Scholars have presented Lucy Ann Lobdell as a nineteenth-century Passing Woman based on feminist arguments in Lobdell’s 1855 autobiography and Lobdell’s decision to leave home in men’s clothes to gain more employment opportunities. They have also used selected quotes from an 1883 sexological article, written by P. M. Wise, as evidence that Lobdell was the first lesbian subject in American sexological study.
These classifications are erroneous for two reasons. In 1883, newly-birthed concepts of same-sex desire applied only to men. Wise considered Lobdell a “very rare” case of perversion, not “a lesbian” as a type of female person identified by same-sex desire. More importantly, Lobdell lived an openly transgender life for decades and repeatedly declared that he was a man, and such declarations were reported in Wise’s article. My research shows that Lobdell lived consistently as a man despite the hardship it brought him through poverty, social abuse, and legal trouble.
This essay begins by authorizing Lobdell’s self-identification as a (transgender) man and analyzes how the various narrative constructions of Lobdell’s identity highlight the tension between the performed and assigned meanings of the transgendered body, and how classification of Lobdell changed over 150 years. Nineteenth-century cultural narratives (newspaper articles, histories…) focused on Lobdell’s disruptive transgender and, in accordance with traditional gender constructions, classified him as deviant while twentieth- and twenty-first century scholarly narratives erase his transgender all together and focus on his anatomy and relationship with Marie Louise Perry to force him into lesbian classification as a woman. A specific focus on narrative technologies, such as characterization, moralizing as analysis, and event selection, spotlights the human act of creating identities that reinforce hegemonic, heteronormative norms and marginalize difference.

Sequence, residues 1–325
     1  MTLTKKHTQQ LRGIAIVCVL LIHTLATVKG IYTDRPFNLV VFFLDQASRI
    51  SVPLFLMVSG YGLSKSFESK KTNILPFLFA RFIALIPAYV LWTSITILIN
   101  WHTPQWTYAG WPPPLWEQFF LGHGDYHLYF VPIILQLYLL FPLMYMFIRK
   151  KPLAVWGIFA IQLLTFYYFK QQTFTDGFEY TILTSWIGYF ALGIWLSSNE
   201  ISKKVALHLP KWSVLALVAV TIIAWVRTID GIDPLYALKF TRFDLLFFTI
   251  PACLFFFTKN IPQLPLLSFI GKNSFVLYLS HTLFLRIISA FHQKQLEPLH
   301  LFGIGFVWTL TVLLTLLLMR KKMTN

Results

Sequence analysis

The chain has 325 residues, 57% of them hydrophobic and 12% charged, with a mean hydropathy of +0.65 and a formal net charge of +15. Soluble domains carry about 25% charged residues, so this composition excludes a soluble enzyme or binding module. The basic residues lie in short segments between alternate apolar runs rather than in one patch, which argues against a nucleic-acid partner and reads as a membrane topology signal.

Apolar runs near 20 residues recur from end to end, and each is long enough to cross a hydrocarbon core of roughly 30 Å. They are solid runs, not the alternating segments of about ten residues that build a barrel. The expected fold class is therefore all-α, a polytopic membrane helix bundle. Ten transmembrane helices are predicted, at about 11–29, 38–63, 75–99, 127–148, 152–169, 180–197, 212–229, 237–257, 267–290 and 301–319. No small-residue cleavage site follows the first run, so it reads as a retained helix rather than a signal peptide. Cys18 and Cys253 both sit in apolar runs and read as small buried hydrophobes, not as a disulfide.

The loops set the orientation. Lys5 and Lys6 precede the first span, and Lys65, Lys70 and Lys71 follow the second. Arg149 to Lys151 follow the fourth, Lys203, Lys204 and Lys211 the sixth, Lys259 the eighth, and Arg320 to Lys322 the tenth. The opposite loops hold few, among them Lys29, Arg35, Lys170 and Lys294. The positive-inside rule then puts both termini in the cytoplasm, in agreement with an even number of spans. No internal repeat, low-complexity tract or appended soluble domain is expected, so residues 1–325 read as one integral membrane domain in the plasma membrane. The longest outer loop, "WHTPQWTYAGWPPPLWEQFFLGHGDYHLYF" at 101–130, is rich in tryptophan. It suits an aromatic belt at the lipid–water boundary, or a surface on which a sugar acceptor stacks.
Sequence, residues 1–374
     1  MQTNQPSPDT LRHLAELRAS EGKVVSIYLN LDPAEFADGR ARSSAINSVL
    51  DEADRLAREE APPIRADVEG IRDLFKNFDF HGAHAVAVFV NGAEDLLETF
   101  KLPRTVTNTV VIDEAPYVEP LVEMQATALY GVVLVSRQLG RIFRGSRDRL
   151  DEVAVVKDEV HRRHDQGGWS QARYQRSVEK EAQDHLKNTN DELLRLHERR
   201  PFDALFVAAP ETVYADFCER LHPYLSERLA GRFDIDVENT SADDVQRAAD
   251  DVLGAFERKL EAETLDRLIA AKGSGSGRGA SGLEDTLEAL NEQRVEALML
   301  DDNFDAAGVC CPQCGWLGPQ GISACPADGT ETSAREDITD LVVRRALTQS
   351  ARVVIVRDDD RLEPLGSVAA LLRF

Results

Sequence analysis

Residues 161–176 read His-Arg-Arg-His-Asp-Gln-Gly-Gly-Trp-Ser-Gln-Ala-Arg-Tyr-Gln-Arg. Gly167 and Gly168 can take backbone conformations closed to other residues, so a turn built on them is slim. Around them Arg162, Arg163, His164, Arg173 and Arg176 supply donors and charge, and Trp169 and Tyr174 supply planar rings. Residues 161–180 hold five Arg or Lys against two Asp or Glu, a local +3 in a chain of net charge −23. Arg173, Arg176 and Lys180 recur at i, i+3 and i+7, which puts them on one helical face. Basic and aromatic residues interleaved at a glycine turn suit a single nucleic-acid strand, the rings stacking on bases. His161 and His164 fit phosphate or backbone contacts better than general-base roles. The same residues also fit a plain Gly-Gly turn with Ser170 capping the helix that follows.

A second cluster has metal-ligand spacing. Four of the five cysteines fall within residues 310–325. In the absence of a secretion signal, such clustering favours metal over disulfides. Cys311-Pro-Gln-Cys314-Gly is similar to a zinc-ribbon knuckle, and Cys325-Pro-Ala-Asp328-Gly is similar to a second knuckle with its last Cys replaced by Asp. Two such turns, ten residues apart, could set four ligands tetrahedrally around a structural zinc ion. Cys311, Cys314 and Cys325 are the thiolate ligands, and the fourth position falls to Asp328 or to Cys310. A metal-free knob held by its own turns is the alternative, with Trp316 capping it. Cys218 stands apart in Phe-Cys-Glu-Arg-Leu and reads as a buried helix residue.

This essay includes specific discussion on Lobdell’s queer challenge to binary opposites man/woman and hetero/homosexuality which makes clear the constructedness of such categories by placing him in a third space between genders, sexes, and sexualities. Through research and analysis of Lobdell’s entire life, he and Perry are moved from lesbian to transgender history as this essay calls for development of concepts and vocabulary to discuss a queer transgendered form of heterosexuality.
|School||STATE UNIVERSITY OF NEW YORK AT BINGHAMTON|
|Subjects||Modern literature; Biographies; Women's studies; Gender studies|
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